Expedition technology

Our expedition is equipped with cutting-edge undersea technology to reveal the secrets of the Cayman Trough. Please visit the links below for further details of our equipment and vehicles, many of which are being taken close to their limits to reach the extreme depths of the volcanic rift.

Autosub6000: a robot submarine that is not controlled or attached to the ship, Autosub6000 can map the seafloor and hunt for deep-sea vents on its own in the abyss. Autosub6000 is the latest and most advanced in a series of autonomous underwater vehicles developed by engineers at the National Oceanography Centre, Southampton.

HyBIS: our eyes and arms on the seafloor, HyBIS is remotely-controlled from the ship, carrying cameras into the depths and bringing samples back for us - but at a fraction of the operating cost of traditional remotely-operated vehicles. HyBIS is a new concept in marine science vehicles, developed by team member Bramley Murton and Hydro-Lek Ltd.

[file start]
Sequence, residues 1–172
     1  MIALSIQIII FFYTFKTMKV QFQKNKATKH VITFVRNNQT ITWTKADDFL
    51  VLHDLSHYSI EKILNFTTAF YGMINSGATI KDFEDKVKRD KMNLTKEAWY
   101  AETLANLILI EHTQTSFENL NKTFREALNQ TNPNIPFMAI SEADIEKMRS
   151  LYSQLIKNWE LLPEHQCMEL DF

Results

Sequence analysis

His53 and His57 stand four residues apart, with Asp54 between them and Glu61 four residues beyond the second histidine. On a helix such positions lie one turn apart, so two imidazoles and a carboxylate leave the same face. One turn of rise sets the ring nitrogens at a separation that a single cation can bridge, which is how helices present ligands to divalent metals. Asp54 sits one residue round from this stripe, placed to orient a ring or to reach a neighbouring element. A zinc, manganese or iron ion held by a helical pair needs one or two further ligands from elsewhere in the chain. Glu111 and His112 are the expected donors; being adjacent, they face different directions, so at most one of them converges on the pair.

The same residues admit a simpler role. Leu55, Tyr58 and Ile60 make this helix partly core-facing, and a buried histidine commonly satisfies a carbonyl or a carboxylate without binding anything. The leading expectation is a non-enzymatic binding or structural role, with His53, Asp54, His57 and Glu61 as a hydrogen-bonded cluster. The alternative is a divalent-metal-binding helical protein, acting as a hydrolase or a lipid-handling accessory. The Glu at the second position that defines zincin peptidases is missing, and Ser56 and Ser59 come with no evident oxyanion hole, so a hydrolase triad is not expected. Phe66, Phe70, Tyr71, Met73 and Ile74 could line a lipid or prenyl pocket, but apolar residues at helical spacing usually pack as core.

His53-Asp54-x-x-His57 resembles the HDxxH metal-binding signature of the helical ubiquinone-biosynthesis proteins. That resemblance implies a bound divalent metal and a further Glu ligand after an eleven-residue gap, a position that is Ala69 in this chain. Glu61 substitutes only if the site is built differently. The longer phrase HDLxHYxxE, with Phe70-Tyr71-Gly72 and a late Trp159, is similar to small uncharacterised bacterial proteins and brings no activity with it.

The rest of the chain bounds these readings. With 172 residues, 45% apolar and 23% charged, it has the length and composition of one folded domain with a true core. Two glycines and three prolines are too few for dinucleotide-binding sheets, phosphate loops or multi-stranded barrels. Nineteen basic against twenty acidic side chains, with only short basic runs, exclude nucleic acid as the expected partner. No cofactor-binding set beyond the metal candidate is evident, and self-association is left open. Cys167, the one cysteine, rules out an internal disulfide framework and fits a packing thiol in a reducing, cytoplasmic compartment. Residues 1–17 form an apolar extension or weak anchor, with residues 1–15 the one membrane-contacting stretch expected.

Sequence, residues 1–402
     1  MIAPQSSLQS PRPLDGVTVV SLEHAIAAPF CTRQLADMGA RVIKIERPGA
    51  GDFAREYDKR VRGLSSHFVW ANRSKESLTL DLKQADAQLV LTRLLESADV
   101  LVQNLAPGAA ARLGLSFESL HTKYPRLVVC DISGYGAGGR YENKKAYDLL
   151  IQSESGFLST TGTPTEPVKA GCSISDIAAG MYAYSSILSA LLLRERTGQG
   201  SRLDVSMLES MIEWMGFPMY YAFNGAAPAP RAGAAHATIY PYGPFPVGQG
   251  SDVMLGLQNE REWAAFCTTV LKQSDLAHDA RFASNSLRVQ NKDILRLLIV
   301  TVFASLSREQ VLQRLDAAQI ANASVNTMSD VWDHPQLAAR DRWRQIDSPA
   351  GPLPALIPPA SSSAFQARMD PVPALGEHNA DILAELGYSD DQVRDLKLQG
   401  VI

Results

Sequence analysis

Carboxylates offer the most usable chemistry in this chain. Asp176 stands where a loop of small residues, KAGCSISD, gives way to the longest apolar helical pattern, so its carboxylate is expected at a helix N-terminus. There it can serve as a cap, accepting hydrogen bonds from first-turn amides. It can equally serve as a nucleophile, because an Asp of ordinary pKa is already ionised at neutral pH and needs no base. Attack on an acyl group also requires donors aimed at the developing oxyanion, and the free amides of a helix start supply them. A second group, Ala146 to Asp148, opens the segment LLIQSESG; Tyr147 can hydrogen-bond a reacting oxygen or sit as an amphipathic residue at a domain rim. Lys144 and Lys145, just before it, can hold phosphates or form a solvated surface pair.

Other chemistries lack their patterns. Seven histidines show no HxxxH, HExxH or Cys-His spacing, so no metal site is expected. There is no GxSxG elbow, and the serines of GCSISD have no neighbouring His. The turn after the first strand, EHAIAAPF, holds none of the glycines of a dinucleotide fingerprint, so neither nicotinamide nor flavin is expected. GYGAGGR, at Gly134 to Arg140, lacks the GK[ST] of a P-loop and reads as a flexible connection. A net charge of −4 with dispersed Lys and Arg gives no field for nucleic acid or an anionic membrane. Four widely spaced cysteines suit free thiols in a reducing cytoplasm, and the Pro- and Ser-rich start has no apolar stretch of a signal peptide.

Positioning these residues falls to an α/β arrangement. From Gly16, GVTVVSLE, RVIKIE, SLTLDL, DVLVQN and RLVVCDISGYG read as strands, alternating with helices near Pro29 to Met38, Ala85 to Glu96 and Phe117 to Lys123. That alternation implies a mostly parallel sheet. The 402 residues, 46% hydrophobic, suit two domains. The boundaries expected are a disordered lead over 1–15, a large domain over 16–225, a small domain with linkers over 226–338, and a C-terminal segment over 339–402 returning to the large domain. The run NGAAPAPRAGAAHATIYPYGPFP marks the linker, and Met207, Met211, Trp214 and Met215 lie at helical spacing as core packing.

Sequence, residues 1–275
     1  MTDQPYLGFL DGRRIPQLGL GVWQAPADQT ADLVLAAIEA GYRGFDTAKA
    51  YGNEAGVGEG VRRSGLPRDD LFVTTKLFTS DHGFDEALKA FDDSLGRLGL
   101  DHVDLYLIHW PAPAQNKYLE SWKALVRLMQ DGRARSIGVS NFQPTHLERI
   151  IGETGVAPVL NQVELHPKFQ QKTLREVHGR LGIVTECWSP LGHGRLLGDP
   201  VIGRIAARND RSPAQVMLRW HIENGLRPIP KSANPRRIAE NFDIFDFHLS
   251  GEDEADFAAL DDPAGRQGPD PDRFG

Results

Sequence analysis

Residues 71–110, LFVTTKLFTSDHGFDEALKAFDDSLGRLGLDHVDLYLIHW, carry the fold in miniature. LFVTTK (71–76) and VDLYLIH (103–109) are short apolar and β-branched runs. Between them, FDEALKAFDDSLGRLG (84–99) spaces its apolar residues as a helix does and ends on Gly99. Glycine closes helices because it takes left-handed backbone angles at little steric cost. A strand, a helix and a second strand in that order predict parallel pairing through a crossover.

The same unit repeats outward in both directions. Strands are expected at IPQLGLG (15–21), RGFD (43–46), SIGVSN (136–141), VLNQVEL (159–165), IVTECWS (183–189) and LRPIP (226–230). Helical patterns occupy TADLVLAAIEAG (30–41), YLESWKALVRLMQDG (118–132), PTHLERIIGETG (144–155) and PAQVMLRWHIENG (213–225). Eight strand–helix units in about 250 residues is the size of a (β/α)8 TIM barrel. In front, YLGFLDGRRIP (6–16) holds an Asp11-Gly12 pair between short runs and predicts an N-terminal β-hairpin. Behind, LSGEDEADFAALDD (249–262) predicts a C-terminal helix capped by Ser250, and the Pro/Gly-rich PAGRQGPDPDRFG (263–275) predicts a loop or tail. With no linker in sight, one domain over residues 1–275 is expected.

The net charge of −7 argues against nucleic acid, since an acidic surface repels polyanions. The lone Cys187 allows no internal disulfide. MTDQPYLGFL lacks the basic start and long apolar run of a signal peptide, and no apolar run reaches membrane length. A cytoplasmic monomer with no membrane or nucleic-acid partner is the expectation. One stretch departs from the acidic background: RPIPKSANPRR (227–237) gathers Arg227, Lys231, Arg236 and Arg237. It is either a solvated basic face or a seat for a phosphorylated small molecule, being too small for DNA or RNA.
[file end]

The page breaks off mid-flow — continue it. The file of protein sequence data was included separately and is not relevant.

TOBI: an upgraded twenty-year veteran of surveying the ocean floor, TOBI (the Towed Ocean Bottom Instrument) is towed behind the ship a few hundred metres above the seafloor, mapping it in detail with its sonar system and other instruments.

CTD: the mainstay of oceanographers worldwide, our tricked-out CTD not only measures the currents and circulation of the Cayman Trough, but also carries sensors to detect deep-sea vents on the seafloor below, and collects samples of the mineral-rich water gushing out of them.

RRS James Cook: Britain's newest research vessel and the pride of our science fleet, the Cook is equipped with the latest sonars and sensors for probing the deep ocean below us - as well as being our floating laboratory and home in the blue yonder.


Meet our team aboard the ship: biologists and geologists, professors and students, engineers and mariners.
Who are we?